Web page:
Church of St. Anne, Vilnius

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St. Anne's Church
Šv. Onos bažnyčia
St. Anne's Church Exterior 3, Vilnius, Lithuania - Diliff.jpg
Façade of Saint Anne's (2014)
Basic information
Location Vilnius, Lithuania
Geographic coordinates 54°40′59″N 25°17′36″E / 54.68306°N 25.29333°E / 54.68306; 25.29333Coordinates: 54°40′59″N 25°17′36″E / 54.68306°N 25.29333°E / 54.68306; 25.29333
Affiliation Roman Catholic
District Old Town
Year consecrated 1500
Architectural description
Architect(s) Michael Enkinger or Benedikt Rejt
Architectural type Church
Architectural style Late Gothic and Brick Gothic
Completed 1500
Direction of façade West
Materials clay bricks

St. Anne's Church (Lithuanian: Šv. Onos bažnyčia) is a Roman Catholic church in Vilnius' Old Town, on the right bank of the Vilnia River. It is a prominent example of both Flamboyant Gothic and Brick Gothic styles. St. Anne's is a prominent landmark in the Old Town of Vilnius that enabled the district to be included in the list of UNESCO World Heritage sites.[1] And it is one of the most interesting examples of Gothic architecture in Lithuania.


Interior, looking to the main altar

The first church at this site, constructed of wood, was built for Anna, Grand Duchess of Lithuania, the first wife of Vytautas the Great. Originally intended for the use of Catholic Germans and other visiting Catholics, it was destroyed by a fire in 1419. The present brick church was constructed on the initiative of the King of Poland and Grand Duke of Lithuania Alexander I Jagiellon[2] in 1495–1500; the exterior of the church has remained almost unchanged since then. A reconstruction of the church, funded by Mikołaj "the Black" Radziwiłł and Jerzy Radziwiłł, was carried out following severe fire damage, in 1582. Abraomas Kulvietis preached in the church between 1538 and 1541. In 1747, the church underwent a repair under supervision of Johann Christoph Glaubitz. In 1762, side arches of the main portal were hidden in order to strengthen the support for the facade.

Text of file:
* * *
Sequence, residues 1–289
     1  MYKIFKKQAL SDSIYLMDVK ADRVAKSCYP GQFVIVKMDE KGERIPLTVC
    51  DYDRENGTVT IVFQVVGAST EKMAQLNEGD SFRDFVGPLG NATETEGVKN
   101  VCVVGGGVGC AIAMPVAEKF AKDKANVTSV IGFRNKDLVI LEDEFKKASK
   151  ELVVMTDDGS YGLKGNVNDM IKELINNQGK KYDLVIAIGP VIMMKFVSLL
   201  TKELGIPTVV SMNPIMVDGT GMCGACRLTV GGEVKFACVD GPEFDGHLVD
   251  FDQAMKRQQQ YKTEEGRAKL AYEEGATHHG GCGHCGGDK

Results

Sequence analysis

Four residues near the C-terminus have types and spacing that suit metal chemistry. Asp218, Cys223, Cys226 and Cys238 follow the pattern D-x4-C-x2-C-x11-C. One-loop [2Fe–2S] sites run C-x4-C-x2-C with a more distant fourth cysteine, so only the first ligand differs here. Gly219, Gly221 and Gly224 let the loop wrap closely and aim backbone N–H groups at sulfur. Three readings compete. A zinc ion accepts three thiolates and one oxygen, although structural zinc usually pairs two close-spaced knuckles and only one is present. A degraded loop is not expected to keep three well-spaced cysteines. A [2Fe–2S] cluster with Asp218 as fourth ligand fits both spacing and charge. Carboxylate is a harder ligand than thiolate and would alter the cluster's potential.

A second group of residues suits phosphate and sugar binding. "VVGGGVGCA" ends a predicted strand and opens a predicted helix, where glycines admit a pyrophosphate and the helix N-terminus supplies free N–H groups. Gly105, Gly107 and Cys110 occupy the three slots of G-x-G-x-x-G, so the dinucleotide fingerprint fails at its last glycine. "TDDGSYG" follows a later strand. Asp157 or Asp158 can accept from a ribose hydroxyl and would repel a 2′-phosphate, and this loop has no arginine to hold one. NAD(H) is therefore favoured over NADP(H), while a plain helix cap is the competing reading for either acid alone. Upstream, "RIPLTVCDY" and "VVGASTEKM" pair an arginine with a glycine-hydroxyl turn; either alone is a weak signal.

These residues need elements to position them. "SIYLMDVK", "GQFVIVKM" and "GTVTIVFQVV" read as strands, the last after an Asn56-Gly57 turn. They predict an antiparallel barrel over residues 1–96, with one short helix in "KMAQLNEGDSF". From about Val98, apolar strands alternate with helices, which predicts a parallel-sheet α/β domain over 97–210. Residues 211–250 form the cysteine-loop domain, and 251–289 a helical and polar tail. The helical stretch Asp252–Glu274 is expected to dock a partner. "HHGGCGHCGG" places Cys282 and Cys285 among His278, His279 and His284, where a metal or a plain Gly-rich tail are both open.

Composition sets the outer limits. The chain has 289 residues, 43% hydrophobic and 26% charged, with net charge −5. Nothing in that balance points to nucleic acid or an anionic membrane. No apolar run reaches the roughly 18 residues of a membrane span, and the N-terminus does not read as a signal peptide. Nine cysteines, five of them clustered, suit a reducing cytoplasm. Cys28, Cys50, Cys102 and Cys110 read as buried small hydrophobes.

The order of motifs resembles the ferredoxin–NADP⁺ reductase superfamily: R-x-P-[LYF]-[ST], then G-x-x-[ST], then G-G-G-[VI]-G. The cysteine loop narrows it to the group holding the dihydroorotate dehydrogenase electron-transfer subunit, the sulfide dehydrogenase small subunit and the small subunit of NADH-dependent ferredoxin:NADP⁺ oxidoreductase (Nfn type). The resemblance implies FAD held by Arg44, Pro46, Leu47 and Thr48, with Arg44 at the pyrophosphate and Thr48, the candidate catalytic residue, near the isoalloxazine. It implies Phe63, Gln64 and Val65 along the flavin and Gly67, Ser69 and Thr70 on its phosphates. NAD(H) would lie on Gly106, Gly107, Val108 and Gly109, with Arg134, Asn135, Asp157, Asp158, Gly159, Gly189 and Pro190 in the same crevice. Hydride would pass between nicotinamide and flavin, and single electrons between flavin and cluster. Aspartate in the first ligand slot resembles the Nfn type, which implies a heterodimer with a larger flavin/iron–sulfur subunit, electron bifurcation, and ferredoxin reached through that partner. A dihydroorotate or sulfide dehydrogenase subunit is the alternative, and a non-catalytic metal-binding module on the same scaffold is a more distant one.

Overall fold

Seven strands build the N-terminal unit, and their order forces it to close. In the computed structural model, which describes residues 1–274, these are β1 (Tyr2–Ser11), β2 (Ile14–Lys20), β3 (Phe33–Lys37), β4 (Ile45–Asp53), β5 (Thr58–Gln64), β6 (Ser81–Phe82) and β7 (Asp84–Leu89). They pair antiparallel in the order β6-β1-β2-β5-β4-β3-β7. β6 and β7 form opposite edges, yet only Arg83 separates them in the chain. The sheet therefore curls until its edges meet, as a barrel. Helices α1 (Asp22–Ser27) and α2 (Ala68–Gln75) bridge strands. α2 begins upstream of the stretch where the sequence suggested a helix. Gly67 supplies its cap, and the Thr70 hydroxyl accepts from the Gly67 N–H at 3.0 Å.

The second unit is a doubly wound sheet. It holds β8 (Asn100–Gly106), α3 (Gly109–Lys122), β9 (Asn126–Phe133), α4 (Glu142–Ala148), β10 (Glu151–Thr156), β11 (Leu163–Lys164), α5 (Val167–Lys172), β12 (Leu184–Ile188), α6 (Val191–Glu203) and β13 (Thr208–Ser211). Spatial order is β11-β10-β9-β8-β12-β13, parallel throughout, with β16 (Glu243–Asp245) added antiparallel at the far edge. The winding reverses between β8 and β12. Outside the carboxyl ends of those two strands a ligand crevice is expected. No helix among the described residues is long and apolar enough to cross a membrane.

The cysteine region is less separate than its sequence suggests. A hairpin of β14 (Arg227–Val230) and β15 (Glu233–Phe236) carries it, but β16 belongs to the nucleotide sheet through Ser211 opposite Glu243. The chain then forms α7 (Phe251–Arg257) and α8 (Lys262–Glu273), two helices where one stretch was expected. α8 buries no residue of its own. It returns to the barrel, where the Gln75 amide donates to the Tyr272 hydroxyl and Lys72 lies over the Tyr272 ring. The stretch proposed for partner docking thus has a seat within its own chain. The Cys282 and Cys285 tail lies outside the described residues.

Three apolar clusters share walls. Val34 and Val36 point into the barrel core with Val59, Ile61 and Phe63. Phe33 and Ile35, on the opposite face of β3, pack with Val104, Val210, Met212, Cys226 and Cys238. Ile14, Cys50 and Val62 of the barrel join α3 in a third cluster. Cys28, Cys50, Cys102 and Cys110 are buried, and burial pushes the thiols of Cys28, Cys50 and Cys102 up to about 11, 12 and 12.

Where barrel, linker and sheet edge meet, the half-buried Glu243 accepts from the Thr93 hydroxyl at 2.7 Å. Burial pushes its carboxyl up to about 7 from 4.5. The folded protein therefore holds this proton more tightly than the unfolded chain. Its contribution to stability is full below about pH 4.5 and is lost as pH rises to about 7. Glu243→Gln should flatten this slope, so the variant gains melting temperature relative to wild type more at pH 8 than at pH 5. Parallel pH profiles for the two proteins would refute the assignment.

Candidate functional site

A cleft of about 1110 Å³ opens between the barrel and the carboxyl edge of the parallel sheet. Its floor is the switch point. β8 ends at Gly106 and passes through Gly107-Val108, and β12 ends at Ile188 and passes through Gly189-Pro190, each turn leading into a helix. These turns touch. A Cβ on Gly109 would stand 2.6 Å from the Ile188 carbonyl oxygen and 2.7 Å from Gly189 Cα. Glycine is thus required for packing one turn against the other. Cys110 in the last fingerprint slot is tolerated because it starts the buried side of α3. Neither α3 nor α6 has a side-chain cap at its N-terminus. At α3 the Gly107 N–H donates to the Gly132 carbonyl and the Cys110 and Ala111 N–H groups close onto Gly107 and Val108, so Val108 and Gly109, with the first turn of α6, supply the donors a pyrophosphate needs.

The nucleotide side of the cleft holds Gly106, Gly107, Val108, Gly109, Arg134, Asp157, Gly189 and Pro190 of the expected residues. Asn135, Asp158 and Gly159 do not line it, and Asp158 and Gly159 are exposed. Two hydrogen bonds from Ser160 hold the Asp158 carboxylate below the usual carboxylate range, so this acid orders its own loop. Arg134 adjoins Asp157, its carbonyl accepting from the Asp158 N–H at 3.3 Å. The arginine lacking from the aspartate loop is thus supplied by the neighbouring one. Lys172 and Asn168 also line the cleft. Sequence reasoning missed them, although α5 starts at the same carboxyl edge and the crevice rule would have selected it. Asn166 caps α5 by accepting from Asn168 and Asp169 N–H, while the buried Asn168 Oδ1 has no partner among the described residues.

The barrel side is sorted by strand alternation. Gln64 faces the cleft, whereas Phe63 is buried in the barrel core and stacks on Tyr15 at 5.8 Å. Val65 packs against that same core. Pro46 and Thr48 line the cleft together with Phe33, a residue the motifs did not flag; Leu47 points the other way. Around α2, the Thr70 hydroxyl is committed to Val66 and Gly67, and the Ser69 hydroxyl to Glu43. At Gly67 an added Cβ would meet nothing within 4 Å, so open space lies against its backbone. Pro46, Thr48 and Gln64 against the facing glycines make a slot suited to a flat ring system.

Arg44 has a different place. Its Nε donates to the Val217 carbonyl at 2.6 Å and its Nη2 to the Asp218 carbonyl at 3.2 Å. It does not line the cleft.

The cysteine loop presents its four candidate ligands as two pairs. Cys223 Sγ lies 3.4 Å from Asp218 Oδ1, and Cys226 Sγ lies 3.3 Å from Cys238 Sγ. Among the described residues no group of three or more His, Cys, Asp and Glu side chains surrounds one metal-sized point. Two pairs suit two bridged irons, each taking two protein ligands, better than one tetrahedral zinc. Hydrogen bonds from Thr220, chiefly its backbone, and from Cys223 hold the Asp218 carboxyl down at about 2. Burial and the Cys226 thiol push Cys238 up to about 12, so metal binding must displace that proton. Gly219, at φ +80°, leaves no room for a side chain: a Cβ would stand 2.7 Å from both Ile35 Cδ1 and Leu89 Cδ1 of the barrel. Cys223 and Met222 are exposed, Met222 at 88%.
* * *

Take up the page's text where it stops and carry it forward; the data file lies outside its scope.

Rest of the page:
According to a well-known legend, Emperor Napoleon, after seeing the church during the Franco-Russian War in 1812, expressed a wish to carry the church home with him to Paris 'in the palm of his hand'. The church was renovated in 1902–1909 when the side arches were uncovered and the walls were strengthened with iron and again in 1960–1970 when the towers in bad shape were restored. On August 23, 1987 the Lithuanian Freedom League held a rally in a square near the church and the monument of Adam Mickiewicz to protest the ongoing Soviet occupation, which was broken up by the militia.[3] Most recent reconstruction followed in 2009: the roofing was replaced, facade elements were reinforced and long-missing side spires were rebuilt.


Main altar

The design of the church building is attributed to either Michael Enkinger, the architect of a church of the same name in Warsaw, or to Benedikt Rejt. However, neither of the attributions is attested by written sources. St. Anne's Church is part of an ensemble, comprising the much larger Gothic Church of St. Francis and Bernadine, as well as a monastery.

A novel approach to bricks as a construction material was employed in the church's construction.[4] The main façade, designed in the Flamboyant Gothic style, is its most striking feature. Traditional Gothic elements and shapes were used in unique ways; Gothic arches are framed by rectangular elements dominating a symmetrical and proportionate façade, creating an impression of dynamism. According to Lithuanian architect and art historian Vladas Drėma, patterns from the Pillars of Gediminas are echoed in the church's façade.

The church has one nave and two towers. It was built using 33 different kinds of clay bricks and painted in red. The interior is decorated in the Baroque style, as is its altar. The imitative neo-Gothic bell tower, constructed in the 1870s to Chagin's designs, stands nearby.


  1. ^ UNESCO World Heritage: Lithuanian masterpieces. Vilnius Historic Center
  2. ^ Lietuvos dailės muziejus. Taikomosios dailės muziejus. Aleksandro jubiliejui skirta paroda Archived 2006-10-26 at the Wayback Machine.
  3. ^ Lituanus Quarterly, Vol. 35, No. 1 - Spring 1989 by Asta Banionis
  4. ^ Lietuvos architektūros istorija. I dalis. Jonas Minkevičius. Vilnius Mokslas 1988 p. 148

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